6. Results Summary BriSCA F1 - BTCC Invitational Trophy 47 Bobby Thompson 524 Ricky Collard 259 Paul O’Neil 16 Josh Cook 73 Aiden Moffatt 389 Ryan Bensley 195 Carl Boardley 24 Dan Welch 326 Rick Parfitt nof Heat One Winner - 84 Tom Harris 132 318 175 526 120 392 157 24 343 326 31 532 324 161 nof Heat Two Winner - 536 Ben Barnicoat 175 8 132 21 381 16 555 157 172 37 392 524 195 287 352 226 526 417 343 Heat Three Winner - 381 Lewis Evans 84 8 318 16 120 555 68 324 219 524 43 287 H6 568 161 nof Gala Night Final Winner - 84 Tom Harris Second - 132 James Hall-Morton Third - 318 Rob Speak 175 16 555 8 392 287 536 BriSCA F2 Stock Cars Heat One Winner - 226 Billy Webster 757 115 880 101 918 606 H79 H190 801 356 47 Heat Two Winner - 285 Caiden Morrison 611 161 321 376 1 700 524 H202 382 H152 647 Consolation Winner - NI467 Aiden Mcferran H54 390 903 926 359 151 828 597 239 Gala Night Championship Final Winner - 101 Kelvyn Marshall Second - 226 Billy Webster Third - 647 Chris Burgoyne 801 564 700 1 H152 915 H54 All Comers Winner - 226 Billy Webster 1 305 NI918 757 H202 611 161 390 321 BriSCA National MiniStox Heat One Winner - 27 Luke Syrett-Barsby 20 H248 1 277 279 ? 212 213 573 Heat Two Winner - 507 Dara Mcinerney 732 21 355 611 934 425 64 183 642 Heat Three Winner - 277 Thomas Rogers 27 223 1 H248 183 934 8 279 533 Heat Four Winner - 20 Freddie Hunter Johnson 223 507 220 272 212 425 64 611 711 612 216 270 293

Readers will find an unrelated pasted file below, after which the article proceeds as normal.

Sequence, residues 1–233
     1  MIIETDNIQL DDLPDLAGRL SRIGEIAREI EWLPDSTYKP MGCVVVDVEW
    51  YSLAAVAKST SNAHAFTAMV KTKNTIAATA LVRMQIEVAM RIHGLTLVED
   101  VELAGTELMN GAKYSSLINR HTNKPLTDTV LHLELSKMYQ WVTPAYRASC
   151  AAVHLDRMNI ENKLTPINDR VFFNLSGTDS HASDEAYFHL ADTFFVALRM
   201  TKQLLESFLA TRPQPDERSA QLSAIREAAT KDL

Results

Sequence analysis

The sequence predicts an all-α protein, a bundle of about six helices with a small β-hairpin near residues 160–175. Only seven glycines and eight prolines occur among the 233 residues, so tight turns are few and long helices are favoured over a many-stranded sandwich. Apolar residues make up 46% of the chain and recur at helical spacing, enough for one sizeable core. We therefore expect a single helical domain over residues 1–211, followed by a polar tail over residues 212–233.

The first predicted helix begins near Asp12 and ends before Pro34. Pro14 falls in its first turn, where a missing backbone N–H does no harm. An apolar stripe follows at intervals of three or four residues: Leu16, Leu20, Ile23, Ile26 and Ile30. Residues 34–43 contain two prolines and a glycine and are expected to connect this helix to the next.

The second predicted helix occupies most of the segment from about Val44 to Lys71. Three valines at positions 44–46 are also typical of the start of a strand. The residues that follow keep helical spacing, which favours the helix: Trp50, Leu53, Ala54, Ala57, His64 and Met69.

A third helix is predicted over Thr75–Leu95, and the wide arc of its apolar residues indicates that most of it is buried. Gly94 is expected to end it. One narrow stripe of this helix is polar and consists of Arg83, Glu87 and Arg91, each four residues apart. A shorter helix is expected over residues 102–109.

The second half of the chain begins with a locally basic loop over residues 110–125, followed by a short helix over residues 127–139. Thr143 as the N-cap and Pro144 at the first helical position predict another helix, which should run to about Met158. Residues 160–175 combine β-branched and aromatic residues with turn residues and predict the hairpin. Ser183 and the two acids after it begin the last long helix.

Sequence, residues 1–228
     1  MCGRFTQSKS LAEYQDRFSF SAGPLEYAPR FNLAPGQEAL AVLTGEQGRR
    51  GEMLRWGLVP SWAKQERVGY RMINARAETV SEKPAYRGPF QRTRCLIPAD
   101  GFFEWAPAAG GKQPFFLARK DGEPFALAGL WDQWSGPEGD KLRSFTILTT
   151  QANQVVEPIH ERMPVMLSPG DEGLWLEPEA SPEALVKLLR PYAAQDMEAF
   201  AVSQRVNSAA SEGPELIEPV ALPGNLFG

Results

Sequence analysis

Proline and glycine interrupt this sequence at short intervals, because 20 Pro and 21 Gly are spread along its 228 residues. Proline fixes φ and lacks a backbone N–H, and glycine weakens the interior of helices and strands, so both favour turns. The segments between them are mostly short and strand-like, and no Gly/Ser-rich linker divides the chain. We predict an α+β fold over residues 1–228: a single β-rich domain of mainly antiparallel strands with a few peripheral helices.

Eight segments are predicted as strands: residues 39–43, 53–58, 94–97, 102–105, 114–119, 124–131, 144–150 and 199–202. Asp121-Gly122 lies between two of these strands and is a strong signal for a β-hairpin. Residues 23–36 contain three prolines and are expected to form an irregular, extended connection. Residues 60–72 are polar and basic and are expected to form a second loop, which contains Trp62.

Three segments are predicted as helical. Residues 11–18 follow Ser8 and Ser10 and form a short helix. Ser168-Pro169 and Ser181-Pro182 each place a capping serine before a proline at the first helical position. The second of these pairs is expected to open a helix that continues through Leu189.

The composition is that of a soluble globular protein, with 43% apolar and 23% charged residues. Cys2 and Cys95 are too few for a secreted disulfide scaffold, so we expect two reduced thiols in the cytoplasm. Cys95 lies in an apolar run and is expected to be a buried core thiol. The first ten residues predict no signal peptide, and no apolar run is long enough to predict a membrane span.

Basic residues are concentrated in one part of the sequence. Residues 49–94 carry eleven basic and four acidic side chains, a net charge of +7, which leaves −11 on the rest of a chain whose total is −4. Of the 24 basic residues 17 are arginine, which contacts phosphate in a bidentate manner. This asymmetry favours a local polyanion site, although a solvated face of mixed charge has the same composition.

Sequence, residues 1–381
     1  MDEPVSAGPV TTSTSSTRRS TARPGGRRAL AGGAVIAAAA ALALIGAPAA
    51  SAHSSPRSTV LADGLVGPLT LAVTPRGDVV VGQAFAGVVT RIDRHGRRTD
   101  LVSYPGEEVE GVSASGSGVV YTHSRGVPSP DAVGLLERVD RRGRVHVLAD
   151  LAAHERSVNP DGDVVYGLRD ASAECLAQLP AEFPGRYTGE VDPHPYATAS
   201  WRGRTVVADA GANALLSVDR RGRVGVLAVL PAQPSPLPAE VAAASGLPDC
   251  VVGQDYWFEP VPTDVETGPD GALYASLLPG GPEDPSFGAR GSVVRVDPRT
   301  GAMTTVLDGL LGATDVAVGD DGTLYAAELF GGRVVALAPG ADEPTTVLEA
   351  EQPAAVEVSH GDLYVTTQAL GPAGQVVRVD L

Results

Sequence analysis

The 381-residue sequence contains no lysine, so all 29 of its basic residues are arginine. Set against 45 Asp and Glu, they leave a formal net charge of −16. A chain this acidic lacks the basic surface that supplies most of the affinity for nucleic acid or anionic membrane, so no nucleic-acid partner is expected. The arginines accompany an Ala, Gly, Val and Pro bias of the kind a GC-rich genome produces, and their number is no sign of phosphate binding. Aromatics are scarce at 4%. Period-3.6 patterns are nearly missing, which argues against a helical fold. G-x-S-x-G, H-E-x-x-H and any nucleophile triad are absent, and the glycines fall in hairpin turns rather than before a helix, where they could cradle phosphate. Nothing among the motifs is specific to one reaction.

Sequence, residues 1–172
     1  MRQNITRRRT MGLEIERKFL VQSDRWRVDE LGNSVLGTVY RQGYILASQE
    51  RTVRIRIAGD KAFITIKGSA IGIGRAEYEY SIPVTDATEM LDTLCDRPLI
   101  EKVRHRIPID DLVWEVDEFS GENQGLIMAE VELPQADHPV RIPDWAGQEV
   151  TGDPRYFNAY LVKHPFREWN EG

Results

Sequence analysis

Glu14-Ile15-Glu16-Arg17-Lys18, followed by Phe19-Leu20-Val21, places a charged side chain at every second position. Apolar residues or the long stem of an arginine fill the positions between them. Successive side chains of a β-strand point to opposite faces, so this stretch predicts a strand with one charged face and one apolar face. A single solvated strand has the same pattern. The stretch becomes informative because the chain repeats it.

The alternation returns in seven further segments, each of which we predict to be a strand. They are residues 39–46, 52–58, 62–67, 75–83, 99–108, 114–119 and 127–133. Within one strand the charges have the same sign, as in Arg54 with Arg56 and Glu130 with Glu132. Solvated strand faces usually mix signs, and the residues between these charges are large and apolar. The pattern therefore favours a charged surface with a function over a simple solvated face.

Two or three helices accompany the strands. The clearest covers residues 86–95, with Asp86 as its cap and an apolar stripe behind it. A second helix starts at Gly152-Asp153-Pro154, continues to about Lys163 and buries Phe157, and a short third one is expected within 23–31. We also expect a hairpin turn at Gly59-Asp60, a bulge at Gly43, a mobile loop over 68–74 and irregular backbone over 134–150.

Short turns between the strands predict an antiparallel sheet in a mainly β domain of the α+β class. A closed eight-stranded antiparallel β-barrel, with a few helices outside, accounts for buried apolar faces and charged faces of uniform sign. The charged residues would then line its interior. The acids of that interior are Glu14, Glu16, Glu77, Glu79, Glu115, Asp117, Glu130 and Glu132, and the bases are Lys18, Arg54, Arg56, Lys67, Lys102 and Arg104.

7. Thanks guys for the whole season , its been a long year , but finally , we are seeing a little progress , Dick can now walk a few steps , hes lost a load of weight but finally has an appetite again , so hopefully will gain some back , for the 1st time in a year he tried a short drive in the car , and was fine , we are now awaiting scan results , to let us know if its too late to operate , so fingers crossed it isnt , Have a happy xmas and new year everyone xxxx